If you don't regularly eat balanced meals, you may not be getting the right amounts of nutrients. Vitamin deficiencies can manifest as fatigue, low energy, irritability, aches, dull-looking skin and other symptoms. You require adequate amounts of these nutrients from the food you eat for normal, healthy body function, growth, development and healing. Your body can also lose essential vitamins due to digestive problems, drinking too much alcohol and other reasons.
If you feel low on energy during the day, no matter how many hours of sleep you get, you may have a vitamin B-12 deficiency. This can lead to a condition called pernicious anemia, which includes symptoms such as fatigue, confusion, low appetite, pale skin, diarrhea or constipation, numbness in the fingers and toes and a red, swollen tongue. The University of Maryland Medical Center recommends getting at least 2.4 micrograms of vitamin B-12 daily from foods such as meat, beef liver, fish, shellfish, eggs, yogurt, cheese and fortified cereals. If your body is not able to adequately absorb this essential nutrient due to a digestive disorder, your doctor can prescribe vitamin B-12 injections.
Bruising and Bleeding
Vitamins help your body repair and heal itself, and when you have a lack of certain nutrients, your body may not behave normally. Vitamin C is essential for wound healing and keeping all the body tissues, including your arteries, skin and gums healthy. The Merck Manual warns that a deficiency of vitamin C can cause swollen and bleeding gums, nose bleeds, red eyes, hair loss, skin rashes, easy bruising, irritability or low mood and other symptoms. To prevent low levels of this vitamin, the Institute of Medicine recommends getting 75 milligrams a day for women and 90 milligrams daily for men. Citrus fruits, green leafy vegetables, strawberries, tomatoes, kiwis and potatoes are good food sources of vitamin C.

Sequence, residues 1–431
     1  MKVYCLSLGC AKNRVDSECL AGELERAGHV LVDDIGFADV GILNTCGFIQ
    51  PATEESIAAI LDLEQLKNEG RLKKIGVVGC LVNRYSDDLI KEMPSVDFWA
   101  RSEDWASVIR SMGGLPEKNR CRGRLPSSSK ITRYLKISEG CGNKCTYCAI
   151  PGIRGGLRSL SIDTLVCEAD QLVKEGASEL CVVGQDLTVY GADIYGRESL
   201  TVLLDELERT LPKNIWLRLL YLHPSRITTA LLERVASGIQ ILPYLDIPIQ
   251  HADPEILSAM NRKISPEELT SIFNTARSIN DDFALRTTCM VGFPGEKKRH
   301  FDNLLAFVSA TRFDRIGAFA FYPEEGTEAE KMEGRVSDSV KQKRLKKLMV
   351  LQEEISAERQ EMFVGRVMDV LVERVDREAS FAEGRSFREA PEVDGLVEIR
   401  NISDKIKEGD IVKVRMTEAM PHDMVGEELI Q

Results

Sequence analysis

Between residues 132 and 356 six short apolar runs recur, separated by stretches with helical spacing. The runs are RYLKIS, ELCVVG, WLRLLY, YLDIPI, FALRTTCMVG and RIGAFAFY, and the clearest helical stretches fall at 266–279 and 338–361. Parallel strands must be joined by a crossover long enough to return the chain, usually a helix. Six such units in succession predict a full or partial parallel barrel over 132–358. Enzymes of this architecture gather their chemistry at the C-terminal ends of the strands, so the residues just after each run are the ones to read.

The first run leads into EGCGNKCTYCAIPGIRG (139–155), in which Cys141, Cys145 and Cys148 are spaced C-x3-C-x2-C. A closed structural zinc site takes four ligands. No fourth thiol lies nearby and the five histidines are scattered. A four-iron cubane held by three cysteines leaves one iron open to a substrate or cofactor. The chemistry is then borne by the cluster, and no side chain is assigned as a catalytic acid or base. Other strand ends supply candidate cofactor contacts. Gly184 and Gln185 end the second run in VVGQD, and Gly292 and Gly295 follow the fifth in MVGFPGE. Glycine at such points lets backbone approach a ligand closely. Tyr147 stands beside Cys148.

Aches and Pain
If you experience mysterious muscle aches and joint pain, particularly in the darker, winter months, you may have a deficiency of vitamin D. A study published in the "Medical Journal of Australia" notes that a lack of this essential vitamin can lead to muscle pain, neck and back pain and general body aches. Vitamin D is also known as the "sunshine vitamin" because your body produces it when your skin is exposed to sunlight. People who live in Northern regions that get little daylight for many months of the year are more likely to be deficient. You can also get your daily recommended amount of about 10 micrograms of vitamin D from foods such as egg yolks, fish and fortified cereals, milk and other dairy products.
Your skin reflects many of the changes inside your body, and skin rashes and other problems can occur for a number of reasons. A lack of vitamin B-3, which is also called niacin, can lead to dry, scaly, red and itching skin that can become quite painful and blister easily during sun exposure. Although a deficiency of this nutrient is rare in America and other developed nations, health conditions such alcoholism and malabsorption can cause a deficiency of vitamin B-3. The Linus Pauling Institute recommends that you get a daily amount of 14 to 16 milligrams of vitamin B-3. Good food sources include meat, fish, whole grains, lentils and peanuts.